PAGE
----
[2]Turning then to the merits of the County's appeal, we note initially that a Rule 12(b)(6) motion tests the legal sufficiency of the pleading against which it is directed. Donovan v. Fiumara, 114 N.C. App. 524, 526, 442 S.E.2d 572, 574 (1994). Such motion is properly allowed when the factual allegations fail as a matter of law to state the substantive elements of some legally recognized claim. Id. We conclude plaintiffs' complaint herein failed to set forth the necessary elements of a negligence claim against the County.

    "It is fundamental that actionable negligence is predicated on the existence of a legal duty owed by the defendant to the plaintiff." Lynn v. Overlook Development, 98 N.C. App. 75, 78, 389 S.E.2d 609, 611 (1990), aff'd in part, reversed in part, 328 N.C. 689, 403 S.E.2d 469 (1991). A municipality ordinarily acts for the benefit of the public, not a specific individual, in providing protection to the public pursuant to its statutory police powers. Id. at 78, 389 S.E.2d at 611-12. If a defendant owes no duty to the plaintiff, there can be no liability for negligence. Sinning v. Clark, 119 N.C. App. 515, 518, 459 S.E.2d 71, 73, disc. review denied, 342 N.C. 194, 463 S.E.2d 242 (1995).

    The County, relying on the public duty doctrine, contends plaintiffs' complaint failed to allege the existence of a special duty of the County to plaintiffs, and that it thus cannot be held liable to plaintiffs for negligence. See id. We agree.

    The public duty doctrine is a common law rule based upon

        the general proposition that a municipality and its agents ordinarily act for the benefit of the general public and not for a specific individual when exercising its statutory police powers, and, therefore, cannot be held liable for a failure to carry out its statutory duties to an individual.

Sinning, 119 N.C. App. at 518, 459 S.E.2d at 73. The public duty doctrine and certain exceptions thereto were expressly adopted by our Supreme Court in Braswell v. Braswell, 330 N.C. 363, 371, 410 S.E.2d 897, 902 (1991), reh'g denied, 330 N.C. 854, 413 S.E.2d 550 (1992) and have been applied not only in Braswell, 330 N.C. App. at 370-71, 410 S.E.2d at 901-02 (police protection), but also in Sinning, 119 N.C. App. at 519-20, 459 S.E.2d at 74 (city building inspections for compliance with North Carolina State Building Code), and Prevette v. Forsyth County, 110 N.C. App. 754, 758, 431 S.E.2d 216, 218 (animal control services), disc. review denied, 334 N.C. 622, 435 S.E.2d 338 (1993).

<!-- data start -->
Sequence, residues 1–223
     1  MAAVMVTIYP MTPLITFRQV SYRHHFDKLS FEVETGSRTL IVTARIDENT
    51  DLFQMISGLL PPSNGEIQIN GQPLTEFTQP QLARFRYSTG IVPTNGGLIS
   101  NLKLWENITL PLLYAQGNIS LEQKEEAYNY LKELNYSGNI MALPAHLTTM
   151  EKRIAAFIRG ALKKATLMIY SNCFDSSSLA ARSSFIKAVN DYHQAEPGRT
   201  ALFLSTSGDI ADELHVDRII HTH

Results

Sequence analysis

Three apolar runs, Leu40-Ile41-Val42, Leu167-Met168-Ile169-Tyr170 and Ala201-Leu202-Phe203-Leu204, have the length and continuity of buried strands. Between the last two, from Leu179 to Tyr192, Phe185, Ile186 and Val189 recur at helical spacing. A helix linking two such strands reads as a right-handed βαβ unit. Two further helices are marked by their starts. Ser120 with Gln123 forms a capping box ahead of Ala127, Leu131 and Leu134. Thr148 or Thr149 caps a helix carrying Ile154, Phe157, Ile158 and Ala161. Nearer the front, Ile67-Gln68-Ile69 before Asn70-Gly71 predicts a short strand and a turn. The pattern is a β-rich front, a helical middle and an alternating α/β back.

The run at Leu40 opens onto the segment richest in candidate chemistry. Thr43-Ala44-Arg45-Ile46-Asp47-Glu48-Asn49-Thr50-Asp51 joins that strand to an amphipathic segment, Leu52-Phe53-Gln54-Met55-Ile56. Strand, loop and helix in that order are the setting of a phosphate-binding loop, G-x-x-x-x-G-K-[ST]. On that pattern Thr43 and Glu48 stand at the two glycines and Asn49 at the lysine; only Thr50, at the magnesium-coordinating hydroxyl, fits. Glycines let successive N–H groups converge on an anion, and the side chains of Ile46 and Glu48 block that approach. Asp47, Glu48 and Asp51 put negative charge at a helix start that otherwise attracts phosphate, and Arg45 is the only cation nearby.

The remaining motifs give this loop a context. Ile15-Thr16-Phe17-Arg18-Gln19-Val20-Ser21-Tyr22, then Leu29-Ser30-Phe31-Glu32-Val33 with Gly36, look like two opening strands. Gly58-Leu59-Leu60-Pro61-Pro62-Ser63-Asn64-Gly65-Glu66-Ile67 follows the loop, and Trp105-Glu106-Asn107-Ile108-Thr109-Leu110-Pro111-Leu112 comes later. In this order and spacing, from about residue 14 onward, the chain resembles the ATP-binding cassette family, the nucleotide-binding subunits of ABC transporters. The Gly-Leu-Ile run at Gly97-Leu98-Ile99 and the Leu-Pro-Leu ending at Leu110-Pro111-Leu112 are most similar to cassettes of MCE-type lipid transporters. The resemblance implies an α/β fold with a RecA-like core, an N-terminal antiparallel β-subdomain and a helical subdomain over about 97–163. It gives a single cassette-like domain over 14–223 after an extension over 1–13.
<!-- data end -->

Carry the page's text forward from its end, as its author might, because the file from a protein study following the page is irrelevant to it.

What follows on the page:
Plaintiffs' complaint alleges the Code, including those portions relating to subdivision development, was enacted pursuant to authority granted by G.S. § 153A-121 et seq., the initial statutory provision subsumed within the heading "Delegation and Exercise of the General Police Power." Under the section, counties are authorized to enact ordinances to regulate "conditions detrimental to the health, safety, or welfare of its citizens." In addition, N.C.G.S. § 153A-331 (1991) provides that subdivision control ordinances may regulate "in a manner that . . . will create conditions essential to public health, safety, and the general welfare." See also Three Guys Real Estate v. Harnett County, 122 N.C. App. 362, 368, 469 S.E.2d 578, 582 (1996)("[i]n enacting legislation governing the control of subdivisions by counties, our General Assembly has sought to empower such local governments to promote the health, safety and welfare of communities"), rev'd on other grounds, 345 N.C. 468, 480 S.E.2d 681 (1997).

    The plain language of the statute and our case law thus indicate that subdivision control is a duty owed to the general public, not a specific individual. Indeed, plaintiffs do not dispute application of the public duty doctrine to the County's supervision of compliance with provisions of its subdivision control ordinance. Indeed, plaintiffs correctly state that the Code "was promulgated and is enforced for the protection of the general public." Nothing else appearing, then, the County was immune from suit under the circumstances sub judice by virtue of application of the public duty doctrine.